Previous View
 
APSnet Home
 
Plant Disease Home


VIEW ARTICLE

Research.

Potential of Using Culture Filtrates from Verticillium albo-atrum to Evaluate Alfalfa Germ Plasm for Resistance to Verticillium Wilt. Karen F. Ireland, Former Graduate Student, Department of Plant Pathology, Pennsylvania State University. K. T. Leath, Research Plant Pathologist, U.S. Regional Pasture Research Laboratory, University Park, PA 16802. Plant Dis. 71:900-903. Accepted for publication 1 June 1987. This article is in the public domain and not copyrightable. It may be freely reprinted with customary crediting of the source. The American Phytopathological Society, 1987. DOI: 10.1094/PD-71-0900.

The potential was assessed for using cellfree filtrates from potato-dextrose broth cultures of Verticillium albo-atrum in a fast, effective screening procedure for Verticillium wilt resistance in alfalfa. In one assay, cut stems were allowed to imbibe filtrate and were rated for symptoms 7 days later. The symptoms that developed in susceptible cuttings after this treatment were typical of those in field-infected alfalfa. Six percent of the cuttings from susceptible Saranac were rated resistant by this procedure, compared with 32 and 56% from resistant Maris Kabul and NAPB-34, respectively. Control cuttings treated with uninoculated potato-dextrose broth or autoclaved water did not develop symptoms. Similar results were obtained with susceptible cuttings after uptake of filtrate from V. albo-atrum cultured in alfalfa decoction medium. In the second assay. filtrate was perfused by pressure into the leaflets. Susceptible leaflets became chlorotic after 46 days. Seventeen percent of Saranac and 70% of NAPB-34 plants were rated resistant by this method. Control treatments of uninoculated culture medium or autoclaved water did not cause symptoms. The activity of the filtrate remained stable after autoclaving or freezing.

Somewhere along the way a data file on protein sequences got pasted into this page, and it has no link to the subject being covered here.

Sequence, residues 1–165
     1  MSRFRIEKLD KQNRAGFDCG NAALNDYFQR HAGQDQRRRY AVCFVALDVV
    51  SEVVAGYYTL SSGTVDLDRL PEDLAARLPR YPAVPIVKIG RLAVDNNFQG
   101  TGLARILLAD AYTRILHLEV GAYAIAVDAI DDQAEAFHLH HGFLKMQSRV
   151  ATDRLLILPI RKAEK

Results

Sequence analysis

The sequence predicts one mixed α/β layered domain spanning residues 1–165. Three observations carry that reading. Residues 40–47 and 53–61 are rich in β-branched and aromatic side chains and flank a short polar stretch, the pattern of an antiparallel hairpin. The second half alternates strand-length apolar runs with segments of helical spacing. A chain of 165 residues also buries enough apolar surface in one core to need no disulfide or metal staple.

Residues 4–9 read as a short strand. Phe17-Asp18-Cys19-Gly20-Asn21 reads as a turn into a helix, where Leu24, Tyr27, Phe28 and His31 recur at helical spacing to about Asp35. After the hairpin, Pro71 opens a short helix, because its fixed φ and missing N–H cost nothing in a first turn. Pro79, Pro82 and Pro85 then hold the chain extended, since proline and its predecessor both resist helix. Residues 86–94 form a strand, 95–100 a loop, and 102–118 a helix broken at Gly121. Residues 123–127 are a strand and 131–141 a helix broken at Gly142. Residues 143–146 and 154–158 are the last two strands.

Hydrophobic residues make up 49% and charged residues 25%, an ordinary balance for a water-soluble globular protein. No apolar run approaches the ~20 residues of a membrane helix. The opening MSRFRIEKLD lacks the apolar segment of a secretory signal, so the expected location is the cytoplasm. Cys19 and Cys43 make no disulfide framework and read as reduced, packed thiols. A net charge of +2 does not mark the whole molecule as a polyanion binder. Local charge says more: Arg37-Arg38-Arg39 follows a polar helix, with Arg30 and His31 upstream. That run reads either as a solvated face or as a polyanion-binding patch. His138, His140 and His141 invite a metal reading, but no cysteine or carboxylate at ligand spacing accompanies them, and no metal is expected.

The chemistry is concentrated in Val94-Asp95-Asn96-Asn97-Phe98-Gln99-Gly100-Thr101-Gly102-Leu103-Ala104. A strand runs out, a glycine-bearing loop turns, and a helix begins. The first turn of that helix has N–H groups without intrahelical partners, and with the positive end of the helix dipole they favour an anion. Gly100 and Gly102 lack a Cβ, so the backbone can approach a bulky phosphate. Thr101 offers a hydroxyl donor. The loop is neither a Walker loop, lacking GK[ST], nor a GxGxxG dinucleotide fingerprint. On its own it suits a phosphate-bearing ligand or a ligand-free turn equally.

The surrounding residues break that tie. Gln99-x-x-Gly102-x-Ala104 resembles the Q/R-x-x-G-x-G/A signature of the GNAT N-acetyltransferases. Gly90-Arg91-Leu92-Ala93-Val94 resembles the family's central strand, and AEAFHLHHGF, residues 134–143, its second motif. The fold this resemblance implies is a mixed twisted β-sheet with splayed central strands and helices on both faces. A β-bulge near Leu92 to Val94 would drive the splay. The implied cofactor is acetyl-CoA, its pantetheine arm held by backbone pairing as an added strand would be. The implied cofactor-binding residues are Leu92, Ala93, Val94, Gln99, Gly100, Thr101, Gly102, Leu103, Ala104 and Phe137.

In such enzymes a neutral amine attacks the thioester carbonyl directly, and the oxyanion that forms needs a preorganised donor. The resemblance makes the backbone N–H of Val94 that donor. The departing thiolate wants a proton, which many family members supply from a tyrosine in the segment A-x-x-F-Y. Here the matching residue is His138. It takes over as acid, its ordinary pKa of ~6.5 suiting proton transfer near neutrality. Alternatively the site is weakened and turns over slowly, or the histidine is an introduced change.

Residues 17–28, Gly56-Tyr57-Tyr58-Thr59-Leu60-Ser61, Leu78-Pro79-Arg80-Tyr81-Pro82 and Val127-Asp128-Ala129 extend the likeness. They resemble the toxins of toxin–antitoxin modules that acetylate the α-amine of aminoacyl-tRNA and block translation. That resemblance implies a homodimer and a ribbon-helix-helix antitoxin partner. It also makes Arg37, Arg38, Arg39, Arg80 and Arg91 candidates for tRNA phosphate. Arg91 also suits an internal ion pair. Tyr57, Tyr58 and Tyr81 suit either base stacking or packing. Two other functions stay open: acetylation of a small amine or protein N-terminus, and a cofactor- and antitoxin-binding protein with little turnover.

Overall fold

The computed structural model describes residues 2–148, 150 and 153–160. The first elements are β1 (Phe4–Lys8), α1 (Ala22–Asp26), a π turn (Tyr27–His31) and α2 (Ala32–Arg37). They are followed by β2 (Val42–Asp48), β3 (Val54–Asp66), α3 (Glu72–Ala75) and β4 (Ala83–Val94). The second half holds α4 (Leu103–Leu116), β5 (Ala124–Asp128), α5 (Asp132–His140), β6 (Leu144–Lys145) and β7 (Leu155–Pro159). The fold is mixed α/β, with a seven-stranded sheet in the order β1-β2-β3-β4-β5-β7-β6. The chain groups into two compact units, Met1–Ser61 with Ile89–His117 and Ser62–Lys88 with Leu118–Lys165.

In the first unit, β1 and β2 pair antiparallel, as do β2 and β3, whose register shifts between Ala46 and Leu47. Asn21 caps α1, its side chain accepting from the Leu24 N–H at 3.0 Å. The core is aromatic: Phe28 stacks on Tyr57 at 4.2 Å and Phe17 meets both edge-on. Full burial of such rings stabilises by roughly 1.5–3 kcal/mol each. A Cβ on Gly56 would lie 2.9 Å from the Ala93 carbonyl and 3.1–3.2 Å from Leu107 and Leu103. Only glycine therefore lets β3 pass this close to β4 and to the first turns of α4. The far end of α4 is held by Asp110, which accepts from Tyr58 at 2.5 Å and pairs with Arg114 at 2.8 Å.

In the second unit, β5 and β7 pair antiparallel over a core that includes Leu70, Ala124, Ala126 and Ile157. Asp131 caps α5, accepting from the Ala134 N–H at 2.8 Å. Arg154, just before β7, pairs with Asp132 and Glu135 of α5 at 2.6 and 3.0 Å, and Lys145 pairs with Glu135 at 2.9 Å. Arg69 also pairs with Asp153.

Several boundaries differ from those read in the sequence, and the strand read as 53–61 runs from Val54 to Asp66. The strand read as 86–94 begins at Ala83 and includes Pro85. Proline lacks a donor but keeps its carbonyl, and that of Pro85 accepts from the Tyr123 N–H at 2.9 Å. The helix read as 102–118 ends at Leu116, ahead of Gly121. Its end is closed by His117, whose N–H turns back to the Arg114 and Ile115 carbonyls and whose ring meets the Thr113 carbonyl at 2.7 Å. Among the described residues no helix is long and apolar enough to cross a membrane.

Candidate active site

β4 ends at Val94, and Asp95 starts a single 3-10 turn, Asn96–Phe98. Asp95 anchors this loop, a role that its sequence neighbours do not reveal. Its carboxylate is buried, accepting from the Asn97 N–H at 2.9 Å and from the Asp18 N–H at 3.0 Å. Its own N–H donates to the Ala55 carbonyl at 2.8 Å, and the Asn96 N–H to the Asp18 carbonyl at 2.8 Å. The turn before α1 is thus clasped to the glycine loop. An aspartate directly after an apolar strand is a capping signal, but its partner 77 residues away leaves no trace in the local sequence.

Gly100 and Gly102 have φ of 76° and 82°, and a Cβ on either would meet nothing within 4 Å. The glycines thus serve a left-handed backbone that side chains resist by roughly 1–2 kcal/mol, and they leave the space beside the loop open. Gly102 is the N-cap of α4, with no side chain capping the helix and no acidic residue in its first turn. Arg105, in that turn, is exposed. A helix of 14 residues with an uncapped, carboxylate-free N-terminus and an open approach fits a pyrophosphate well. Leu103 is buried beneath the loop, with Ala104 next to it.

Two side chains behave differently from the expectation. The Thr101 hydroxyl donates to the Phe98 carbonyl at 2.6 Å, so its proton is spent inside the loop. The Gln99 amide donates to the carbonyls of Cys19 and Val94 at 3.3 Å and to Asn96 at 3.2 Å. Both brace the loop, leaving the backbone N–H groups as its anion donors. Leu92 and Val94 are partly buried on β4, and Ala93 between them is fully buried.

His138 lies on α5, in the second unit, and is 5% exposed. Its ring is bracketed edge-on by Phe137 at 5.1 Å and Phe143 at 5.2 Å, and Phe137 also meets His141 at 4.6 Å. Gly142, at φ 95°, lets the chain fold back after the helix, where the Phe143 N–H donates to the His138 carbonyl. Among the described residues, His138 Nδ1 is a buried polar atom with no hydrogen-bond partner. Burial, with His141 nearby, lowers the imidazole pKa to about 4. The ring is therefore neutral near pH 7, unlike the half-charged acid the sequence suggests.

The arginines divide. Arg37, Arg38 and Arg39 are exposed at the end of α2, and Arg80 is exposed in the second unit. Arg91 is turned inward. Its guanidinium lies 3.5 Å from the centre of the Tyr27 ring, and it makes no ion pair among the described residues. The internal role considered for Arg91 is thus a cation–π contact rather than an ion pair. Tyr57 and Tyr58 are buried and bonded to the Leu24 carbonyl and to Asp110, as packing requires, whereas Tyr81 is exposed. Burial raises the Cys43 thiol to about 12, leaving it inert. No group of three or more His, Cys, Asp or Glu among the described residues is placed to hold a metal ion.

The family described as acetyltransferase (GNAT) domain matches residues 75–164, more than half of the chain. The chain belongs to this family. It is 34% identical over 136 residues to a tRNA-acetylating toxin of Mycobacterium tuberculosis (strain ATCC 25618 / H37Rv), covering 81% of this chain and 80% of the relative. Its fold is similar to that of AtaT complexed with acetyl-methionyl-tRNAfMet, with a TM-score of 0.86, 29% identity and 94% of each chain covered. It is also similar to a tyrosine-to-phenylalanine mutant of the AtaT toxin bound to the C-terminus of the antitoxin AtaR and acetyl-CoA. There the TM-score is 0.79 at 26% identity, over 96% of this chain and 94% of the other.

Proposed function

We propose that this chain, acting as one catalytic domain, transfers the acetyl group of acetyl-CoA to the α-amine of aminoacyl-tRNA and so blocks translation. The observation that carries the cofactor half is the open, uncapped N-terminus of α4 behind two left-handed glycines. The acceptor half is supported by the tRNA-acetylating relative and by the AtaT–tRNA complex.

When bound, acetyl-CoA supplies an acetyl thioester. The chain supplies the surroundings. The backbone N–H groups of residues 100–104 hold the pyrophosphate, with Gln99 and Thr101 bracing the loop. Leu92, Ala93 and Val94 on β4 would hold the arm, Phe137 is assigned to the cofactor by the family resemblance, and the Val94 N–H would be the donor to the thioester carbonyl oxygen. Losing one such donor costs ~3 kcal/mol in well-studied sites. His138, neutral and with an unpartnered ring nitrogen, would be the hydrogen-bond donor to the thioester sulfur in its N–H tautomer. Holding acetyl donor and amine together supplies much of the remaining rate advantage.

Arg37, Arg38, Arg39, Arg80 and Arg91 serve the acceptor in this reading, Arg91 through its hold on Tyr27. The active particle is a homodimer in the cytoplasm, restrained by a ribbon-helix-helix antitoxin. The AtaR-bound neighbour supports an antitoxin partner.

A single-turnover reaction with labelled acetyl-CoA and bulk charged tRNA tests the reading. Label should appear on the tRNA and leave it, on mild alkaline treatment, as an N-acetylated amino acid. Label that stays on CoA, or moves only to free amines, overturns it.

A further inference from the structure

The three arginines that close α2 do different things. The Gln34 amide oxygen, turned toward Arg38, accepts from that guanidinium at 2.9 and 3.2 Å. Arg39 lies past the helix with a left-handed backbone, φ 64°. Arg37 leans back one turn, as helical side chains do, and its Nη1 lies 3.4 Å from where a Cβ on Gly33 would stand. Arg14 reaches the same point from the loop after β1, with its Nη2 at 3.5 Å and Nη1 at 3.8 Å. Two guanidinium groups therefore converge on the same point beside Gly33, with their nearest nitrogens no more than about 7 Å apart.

Keyword(s): disease resistance, lucerne, Medicago sativa.